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Research data management

Research data management (RDM) refers to the administration of data throughout a research project, including requirements on preservation and sharing after the project ends.

Digital Object Identifiers (DOIs)

What is a DOI?

A DOI is intended to be a persistent, unique identifier for digital objects such as journal articles or datasets, to enable the item to be found and cited. The DOI system is managed by the International DOI Foundation. DOIs can be incorporated into URLs so that users can always access the digital content, even if it has moved online location. Publishers use DOIs to identify articles, e.g., the DOI 10.3390/met11010050 corresponds to the article:
Shittu AA, Kolios A, Mehmanparast A. “A Systematic Review of Structural Reliability Methods for Deformation and Fatigue Analysis of Offshore Jacket Structures”. Metals. 2021; 11(1):50.

Permission for an institution such as Cranfield University to ‘mint’ and assign DOIs must be approved by a DOI Registration Agency.

Where do I find them?

“The DOI system does not provide a central search capability across all DOI names, but most web search engines will show DOI names in the results of a search by title, by name, or by topic or related terms.” – (from It is also possible to use services such as DataCite to search for the DOI of a specific article or dataset. Similarly, DOIs can be found in the “URI” field of the Bibliographic Details of records in CERES, and will usually be listed in an article’s metadata on publishers’ websites.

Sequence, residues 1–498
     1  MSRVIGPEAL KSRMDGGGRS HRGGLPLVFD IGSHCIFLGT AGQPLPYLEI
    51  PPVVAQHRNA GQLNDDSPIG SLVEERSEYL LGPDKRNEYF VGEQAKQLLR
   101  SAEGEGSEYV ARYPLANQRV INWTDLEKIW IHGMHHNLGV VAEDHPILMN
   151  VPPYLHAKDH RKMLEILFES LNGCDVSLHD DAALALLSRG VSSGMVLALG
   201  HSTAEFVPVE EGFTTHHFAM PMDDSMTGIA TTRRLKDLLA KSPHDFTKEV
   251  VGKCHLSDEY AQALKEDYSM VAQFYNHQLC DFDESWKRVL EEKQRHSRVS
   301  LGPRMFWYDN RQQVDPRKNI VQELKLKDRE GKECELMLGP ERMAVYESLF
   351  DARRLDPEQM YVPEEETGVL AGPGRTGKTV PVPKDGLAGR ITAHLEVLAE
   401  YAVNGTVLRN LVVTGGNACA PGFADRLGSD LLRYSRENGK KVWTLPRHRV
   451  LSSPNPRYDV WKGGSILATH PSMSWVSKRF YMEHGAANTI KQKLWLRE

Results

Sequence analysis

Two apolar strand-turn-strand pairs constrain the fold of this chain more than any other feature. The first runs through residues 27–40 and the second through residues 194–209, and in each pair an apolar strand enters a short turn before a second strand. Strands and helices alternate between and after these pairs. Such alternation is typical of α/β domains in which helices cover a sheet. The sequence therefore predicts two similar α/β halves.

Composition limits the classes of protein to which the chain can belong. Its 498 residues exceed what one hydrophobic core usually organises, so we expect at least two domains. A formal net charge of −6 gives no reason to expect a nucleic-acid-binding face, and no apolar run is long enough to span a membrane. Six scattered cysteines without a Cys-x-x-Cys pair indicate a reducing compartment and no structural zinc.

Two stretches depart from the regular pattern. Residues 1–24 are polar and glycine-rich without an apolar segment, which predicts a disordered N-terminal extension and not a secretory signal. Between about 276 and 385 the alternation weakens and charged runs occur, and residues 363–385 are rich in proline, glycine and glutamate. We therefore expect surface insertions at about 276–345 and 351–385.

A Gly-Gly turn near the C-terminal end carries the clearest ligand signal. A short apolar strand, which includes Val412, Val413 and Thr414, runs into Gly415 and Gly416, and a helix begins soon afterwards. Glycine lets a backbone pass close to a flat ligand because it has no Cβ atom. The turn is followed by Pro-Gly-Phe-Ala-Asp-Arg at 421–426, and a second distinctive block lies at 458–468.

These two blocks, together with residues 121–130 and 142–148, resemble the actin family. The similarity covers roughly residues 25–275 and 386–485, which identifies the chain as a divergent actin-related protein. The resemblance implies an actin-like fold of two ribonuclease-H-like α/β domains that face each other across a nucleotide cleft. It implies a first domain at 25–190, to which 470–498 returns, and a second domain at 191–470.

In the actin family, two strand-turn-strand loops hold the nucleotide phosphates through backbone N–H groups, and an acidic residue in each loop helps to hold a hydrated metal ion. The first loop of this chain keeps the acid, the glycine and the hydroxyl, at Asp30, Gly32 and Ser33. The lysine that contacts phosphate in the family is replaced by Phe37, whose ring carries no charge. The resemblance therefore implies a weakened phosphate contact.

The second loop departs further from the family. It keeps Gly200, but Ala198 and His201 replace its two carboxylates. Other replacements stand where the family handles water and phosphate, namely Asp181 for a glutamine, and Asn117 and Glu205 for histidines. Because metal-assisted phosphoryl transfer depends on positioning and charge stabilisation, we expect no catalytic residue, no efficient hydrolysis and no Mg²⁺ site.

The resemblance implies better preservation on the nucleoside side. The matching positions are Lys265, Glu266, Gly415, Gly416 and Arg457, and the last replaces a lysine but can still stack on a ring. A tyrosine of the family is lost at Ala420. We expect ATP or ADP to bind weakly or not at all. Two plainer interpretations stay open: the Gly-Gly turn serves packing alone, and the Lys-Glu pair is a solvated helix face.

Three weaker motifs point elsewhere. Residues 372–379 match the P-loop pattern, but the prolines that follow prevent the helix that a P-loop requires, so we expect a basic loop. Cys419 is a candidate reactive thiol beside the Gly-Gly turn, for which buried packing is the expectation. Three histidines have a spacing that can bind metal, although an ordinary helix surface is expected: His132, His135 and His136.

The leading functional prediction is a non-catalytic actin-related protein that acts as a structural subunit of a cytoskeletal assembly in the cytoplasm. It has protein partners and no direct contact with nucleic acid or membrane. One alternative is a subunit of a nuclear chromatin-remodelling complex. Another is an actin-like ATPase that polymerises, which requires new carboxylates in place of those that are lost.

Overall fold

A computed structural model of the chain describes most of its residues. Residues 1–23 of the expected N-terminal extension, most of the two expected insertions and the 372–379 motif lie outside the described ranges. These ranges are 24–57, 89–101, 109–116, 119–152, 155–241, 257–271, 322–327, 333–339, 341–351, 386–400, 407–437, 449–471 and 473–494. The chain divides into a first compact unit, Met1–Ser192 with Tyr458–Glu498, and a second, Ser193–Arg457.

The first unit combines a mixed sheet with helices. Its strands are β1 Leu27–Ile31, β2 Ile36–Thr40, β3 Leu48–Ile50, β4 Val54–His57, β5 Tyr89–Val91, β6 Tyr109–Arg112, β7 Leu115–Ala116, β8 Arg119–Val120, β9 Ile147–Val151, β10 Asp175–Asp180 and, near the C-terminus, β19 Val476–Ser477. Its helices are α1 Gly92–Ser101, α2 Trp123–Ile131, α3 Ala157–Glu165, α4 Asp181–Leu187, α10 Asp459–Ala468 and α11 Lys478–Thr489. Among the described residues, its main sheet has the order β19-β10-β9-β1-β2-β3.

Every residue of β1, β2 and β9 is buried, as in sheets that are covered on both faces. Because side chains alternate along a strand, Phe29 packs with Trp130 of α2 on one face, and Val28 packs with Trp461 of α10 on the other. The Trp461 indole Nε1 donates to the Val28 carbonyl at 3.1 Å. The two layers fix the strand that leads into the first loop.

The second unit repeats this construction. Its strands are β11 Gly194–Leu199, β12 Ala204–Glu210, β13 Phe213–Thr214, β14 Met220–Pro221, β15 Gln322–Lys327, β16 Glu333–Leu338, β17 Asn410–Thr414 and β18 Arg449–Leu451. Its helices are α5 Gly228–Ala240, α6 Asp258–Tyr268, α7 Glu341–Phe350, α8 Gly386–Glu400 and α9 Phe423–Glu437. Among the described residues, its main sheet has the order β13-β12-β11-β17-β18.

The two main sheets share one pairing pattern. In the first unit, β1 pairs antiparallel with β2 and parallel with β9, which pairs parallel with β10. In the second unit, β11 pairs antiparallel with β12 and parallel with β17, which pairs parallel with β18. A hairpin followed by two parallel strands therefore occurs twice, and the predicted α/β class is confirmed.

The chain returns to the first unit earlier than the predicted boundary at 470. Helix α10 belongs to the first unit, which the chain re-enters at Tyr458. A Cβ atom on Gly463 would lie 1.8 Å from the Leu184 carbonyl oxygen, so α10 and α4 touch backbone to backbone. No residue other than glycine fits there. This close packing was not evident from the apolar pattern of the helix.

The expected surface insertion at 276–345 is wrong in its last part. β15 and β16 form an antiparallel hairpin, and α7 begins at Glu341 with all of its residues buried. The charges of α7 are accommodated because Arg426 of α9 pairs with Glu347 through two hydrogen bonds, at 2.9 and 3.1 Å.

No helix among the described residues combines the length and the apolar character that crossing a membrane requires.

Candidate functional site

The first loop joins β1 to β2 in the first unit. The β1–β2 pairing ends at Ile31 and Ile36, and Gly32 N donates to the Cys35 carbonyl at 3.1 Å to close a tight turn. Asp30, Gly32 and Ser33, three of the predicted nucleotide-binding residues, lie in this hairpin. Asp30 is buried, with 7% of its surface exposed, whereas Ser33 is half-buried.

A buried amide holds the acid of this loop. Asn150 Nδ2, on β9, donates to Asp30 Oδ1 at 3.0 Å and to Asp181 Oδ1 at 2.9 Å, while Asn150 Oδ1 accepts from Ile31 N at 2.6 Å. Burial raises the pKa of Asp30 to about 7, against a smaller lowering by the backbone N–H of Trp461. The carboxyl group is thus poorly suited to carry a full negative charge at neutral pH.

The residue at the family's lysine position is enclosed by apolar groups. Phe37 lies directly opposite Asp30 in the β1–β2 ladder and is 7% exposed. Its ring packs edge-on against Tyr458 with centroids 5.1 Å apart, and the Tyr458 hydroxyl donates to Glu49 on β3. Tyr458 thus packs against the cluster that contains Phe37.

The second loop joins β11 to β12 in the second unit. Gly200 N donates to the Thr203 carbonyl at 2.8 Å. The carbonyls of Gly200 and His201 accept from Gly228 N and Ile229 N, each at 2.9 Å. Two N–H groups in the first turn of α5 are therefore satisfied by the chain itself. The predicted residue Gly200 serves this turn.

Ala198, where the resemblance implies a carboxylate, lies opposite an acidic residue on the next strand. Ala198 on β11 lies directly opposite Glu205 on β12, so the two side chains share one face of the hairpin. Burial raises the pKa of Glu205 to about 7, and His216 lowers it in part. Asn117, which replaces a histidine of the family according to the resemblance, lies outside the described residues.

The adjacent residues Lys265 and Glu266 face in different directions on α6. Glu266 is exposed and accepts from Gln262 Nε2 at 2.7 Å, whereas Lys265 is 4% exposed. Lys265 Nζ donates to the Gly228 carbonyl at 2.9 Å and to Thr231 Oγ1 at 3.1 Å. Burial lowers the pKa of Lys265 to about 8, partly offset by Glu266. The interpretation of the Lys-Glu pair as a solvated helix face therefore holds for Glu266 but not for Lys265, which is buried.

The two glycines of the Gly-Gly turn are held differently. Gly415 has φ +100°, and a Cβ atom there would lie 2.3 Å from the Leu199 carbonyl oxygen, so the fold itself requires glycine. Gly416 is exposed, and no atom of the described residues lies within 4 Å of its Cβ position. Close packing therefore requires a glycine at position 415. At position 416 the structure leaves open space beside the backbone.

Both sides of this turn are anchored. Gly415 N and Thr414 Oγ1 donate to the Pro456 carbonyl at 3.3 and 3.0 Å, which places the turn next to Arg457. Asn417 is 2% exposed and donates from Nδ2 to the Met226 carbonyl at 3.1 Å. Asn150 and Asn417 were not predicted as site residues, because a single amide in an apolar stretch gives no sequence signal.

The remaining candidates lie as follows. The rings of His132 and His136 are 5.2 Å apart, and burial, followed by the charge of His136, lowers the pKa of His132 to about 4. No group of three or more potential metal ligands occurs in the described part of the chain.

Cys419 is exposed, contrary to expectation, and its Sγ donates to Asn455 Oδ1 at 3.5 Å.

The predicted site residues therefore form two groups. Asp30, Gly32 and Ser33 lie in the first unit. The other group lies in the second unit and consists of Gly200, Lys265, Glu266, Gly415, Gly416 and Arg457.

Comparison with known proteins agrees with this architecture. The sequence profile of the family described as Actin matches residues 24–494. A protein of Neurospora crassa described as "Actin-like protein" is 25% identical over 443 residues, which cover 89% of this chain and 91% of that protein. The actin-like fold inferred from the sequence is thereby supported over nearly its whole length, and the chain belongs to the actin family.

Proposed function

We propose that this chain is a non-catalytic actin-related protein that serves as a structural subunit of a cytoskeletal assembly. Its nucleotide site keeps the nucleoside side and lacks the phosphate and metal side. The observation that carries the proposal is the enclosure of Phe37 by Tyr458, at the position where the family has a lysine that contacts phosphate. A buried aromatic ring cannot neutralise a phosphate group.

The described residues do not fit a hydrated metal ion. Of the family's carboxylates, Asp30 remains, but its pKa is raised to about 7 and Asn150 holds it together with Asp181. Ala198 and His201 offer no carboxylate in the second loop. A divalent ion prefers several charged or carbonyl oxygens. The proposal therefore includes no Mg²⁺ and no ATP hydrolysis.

What is the advantage of having a DOI?

Giving your data or article a DOI:

  • means that usage of your data/article can be followed as others use and cite it.
  • makes the data/article uniquely identifiable.
  • means you will always be identified as the creator of the cited data/article.
  • means your data/article can always be located with a simple web search.

How do I get one?

Datasets deposited in CORD will automatically be assigned a DOI once approved after submission. DOIs cannot be assigned to datasets stored in repositories not controlled by Cranfield University. Researchers who require a persistent and unique identifier for their data, should carefully consider whether their chosen repository can provide this functionality.

For journal articles, DOIs are normally created at the point of publication by a DOI Registration Agency such as CrossRef. Cranfield University does not, as a matter of routine, assign DOIs to articles.